If you have a Living Trust, but do not have a Pour Over Will, any property that is not transferred through your Living Trust or other probate-avoidance device, such as beneficiary designation forms, will be distributed in an order determined by state laws called Intestacy laws through Probate. These Intestacy laws may not distribute property in the way you would have chosen, so a simple Pour Over Will is an essential “safety net” for your Living Trust.
A simple revocable, amendable Living Trust has no effect on taxes. More complicated Living Trusts, however, can greatly reduce or even eliminate the Federal Estate Tax bill for people who own valuable assets.
One tax-saving Living Trust is designed primarily for married couples with children. It is commonly called an AB Trust, although it goes by many other names, including “Credit Shelter Trust,” “Exemption Trust,” “Marital Life Estate Trust,” and “Marital Bypass Trust.” Each spouse leaves property in trust to the other for life, and then to the children. This type of Trust can save many thousands of dollars in estate taxes. Other types of Living Trusts can be utilized by single or widowed people to minimize or eliminate Federal Estate Taxes. Very few people are subject to Federal Estate Tax upon their death, so this isn’t typically a concern for most people.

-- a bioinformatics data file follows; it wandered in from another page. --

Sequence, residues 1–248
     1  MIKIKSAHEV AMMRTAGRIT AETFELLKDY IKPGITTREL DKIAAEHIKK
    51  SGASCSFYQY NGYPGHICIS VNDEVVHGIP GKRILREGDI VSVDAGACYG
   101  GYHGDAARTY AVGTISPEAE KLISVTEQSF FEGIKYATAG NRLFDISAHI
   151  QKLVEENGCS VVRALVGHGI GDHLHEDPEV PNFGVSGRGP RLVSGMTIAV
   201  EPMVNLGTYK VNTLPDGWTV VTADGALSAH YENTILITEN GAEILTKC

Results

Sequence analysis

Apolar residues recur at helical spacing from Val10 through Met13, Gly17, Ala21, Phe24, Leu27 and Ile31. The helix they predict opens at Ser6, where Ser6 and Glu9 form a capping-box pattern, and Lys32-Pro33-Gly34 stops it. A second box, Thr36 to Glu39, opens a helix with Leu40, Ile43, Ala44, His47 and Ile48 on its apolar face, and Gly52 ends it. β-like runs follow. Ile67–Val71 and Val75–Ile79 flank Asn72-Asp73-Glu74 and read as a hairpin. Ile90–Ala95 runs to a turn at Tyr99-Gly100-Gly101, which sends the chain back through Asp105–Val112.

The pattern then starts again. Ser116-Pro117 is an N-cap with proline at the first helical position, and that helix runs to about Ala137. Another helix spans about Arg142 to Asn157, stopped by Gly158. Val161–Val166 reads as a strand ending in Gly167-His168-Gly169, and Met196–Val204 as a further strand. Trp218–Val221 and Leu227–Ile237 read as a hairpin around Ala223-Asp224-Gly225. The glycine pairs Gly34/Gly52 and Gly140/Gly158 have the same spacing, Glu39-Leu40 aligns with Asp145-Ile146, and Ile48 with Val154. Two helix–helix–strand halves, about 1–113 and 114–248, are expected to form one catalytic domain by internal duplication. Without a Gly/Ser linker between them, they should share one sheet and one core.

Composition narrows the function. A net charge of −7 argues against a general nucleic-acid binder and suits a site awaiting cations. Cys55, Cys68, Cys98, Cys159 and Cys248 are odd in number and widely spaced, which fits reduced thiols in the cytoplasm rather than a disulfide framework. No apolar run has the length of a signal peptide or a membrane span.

A simple way to ensure that your funds, property and personal effects will be distributed after your death according to your wishes is to prepare a Will. A Will is a legal document designating the transfer of your property and assets after you die. Usually Wills can be written by any person over the age of 18 who is mentally capable, commonly stated as “being of sound mind and memory.” Wills must be taken to Court and Probated after you have passed on in order for your wishes to be honored.
Many people think of Estate Planning as something limited to the question of what will happen to my property after I have passed on. While this is an important part of Estate Planning, a good Estate Plan must take into account the possibility that you may someday you may be injured or ill and be unable to care for yourself, make decisions, or even regain consciousness. In these cases, someone else will need to make financial and medical decisions for you. By using appropriate Medical and Financial Powers-of-Attorney, you can designate while you are competent who it is you want to have authority to make decisions for you if you were to become injured or ill and were unable to make your own decisions.
Since most Estate Planning documents are not used until you have been declared incompetent by your doctors or until you have passed on, it is vital that these documents be prepared and executed properly. Once you are incompetent or have passed on you cannot make any changes to these documents. Therefore, it is vital that these documents be drafted by an Estate Planning Attorney who has extensive training and experience in Estate Planning – not just an attorney who prepares Estate Planning documents as one of many areas of practice.